An increasing number of devices have voice control built in, and third party apps can also be obtained. We're going to talk about on built-in features - what are they, and why they're useful.
Voice control, also called speech recognition, is where you work a device by speaking to it rather than using a keyboard, mouse or touch gestures. It can be broken down into three areas:
To be useful, a voice control system must be able to recognise a wide variety of accents, voice types and vocabularies, in a noisy environment. Some voice control systems require an Internet connection and the information you speak is sent to another computer where it is processed. You should therefore be wary of using it with confidential information.
On computers, device control is aimed primarily at people who have difficulty using the mouse or keyboard. In other words, it's an assistive technology. Dictation started out in the same way but is now marketed more as a productivity tool that could be useful to all users, because most people can speak faster than they can type.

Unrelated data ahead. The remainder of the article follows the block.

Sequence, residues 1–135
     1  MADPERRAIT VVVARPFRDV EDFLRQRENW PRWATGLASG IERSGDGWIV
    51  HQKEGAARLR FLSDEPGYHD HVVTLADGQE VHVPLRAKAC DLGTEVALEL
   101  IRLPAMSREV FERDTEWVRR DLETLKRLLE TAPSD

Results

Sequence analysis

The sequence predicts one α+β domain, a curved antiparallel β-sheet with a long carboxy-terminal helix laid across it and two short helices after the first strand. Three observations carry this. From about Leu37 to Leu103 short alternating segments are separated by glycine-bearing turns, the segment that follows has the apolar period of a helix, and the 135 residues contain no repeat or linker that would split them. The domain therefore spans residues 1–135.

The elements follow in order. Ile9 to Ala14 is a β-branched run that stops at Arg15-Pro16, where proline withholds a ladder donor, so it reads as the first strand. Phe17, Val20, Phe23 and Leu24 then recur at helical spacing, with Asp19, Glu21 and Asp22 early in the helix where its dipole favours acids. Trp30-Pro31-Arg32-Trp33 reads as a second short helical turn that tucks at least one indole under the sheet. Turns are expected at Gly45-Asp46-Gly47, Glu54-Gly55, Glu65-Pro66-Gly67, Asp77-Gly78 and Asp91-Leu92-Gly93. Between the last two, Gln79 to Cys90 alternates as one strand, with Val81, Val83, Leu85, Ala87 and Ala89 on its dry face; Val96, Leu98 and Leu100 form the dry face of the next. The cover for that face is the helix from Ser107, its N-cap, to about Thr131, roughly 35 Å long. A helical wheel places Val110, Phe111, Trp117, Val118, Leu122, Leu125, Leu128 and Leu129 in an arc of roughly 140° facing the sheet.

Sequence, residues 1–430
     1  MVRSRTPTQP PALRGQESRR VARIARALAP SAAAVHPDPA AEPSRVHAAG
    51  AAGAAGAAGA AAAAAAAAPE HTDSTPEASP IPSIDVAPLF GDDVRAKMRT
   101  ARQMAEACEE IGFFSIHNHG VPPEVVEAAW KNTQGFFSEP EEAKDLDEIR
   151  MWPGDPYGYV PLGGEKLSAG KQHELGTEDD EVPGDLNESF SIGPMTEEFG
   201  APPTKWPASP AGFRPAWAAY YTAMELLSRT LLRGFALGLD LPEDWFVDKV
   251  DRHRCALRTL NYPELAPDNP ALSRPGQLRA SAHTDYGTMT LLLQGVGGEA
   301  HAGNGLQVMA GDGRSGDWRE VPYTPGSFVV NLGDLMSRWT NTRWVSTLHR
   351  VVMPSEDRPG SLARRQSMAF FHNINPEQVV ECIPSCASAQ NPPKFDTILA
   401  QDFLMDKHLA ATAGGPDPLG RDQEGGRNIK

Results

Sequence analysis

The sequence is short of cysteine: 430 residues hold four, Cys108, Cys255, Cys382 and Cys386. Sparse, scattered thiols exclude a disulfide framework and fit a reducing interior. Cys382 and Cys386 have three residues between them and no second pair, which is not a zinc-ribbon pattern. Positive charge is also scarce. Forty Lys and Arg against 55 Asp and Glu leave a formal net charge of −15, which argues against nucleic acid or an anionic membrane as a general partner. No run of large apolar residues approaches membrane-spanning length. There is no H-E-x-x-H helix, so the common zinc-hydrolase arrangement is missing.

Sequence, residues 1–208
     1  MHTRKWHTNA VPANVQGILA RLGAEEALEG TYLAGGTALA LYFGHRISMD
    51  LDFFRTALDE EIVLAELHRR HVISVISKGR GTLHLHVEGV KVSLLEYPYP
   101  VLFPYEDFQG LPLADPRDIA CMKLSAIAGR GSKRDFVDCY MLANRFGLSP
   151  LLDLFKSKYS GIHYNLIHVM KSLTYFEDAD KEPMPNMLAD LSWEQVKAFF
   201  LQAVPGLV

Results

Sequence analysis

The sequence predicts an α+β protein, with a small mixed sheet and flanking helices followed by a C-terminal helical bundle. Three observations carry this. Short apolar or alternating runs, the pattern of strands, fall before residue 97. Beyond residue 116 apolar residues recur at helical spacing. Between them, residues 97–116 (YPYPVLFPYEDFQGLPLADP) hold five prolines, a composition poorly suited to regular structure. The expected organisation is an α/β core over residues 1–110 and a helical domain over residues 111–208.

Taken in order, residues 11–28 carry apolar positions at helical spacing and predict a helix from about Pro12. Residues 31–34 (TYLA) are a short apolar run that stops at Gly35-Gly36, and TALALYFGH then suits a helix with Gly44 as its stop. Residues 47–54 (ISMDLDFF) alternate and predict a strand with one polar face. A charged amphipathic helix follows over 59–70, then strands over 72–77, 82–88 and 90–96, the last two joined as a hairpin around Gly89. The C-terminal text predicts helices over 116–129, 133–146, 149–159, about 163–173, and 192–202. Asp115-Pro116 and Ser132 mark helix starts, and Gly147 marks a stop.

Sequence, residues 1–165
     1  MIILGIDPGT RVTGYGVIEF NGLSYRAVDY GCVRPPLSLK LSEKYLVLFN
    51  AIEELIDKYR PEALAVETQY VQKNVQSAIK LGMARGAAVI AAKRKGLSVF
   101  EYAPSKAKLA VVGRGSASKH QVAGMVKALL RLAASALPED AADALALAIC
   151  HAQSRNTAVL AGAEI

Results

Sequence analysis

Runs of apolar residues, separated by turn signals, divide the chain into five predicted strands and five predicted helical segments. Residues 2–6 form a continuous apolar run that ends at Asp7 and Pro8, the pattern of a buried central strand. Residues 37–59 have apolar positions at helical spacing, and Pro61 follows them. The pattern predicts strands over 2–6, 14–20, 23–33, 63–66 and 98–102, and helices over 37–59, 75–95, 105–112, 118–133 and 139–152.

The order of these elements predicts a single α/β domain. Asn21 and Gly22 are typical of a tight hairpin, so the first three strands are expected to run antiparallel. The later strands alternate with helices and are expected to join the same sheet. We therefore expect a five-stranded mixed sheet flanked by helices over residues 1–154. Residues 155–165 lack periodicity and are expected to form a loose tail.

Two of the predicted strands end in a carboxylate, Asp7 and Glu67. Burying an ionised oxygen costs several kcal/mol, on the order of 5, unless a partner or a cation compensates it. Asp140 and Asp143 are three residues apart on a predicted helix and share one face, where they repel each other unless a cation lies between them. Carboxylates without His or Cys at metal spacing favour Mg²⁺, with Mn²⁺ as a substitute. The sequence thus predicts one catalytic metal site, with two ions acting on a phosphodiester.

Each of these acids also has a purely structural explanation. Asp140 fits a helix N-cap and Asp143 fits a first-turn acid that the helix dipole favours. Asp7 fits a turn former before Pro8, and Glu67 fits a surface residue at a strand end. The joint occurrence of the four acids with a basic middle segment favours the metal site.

Touch screen devices are good for lots of things, but their small flat screens mean typing isn't one of them. This has led to a general interest in alternatives to typing, which is heightened among blind and partially sighted users because of the increased difficulty of using the on screen keyboard with magnification or speech output.
Carrying out tasks on a touch screen device also requires one or both hands, and there are times when this is impractical - for instance if it's cold and you're wearing gloves that you don't want to remove. So again, using voice control for carrying out tasks and Internet searching is useful for lots of people.
One the other hand, mobile devices are often used in public places, where you may not want to be overheard speaking to your device!
The ability to do dictation and device control has been built into computer operating systems for some years, with Internet searching being treated as a combination of the two.
Smartphones and tablet computers can do Internet searching by voice as well as dictation and device control.
Essentially, voice control works by recognising what you say, and taking some action depending on the context.
Mobile devices have microphones built into them, which may be good enough for voice control. For computers you will need a headset, preferably with a noise-cancelling microphone. You can pick one up for as little as £15, or pay as much as £150.
You should speak in phrases to allow the system to more correctly identify what you are saying, for instance, to distinguish between "there" and "their".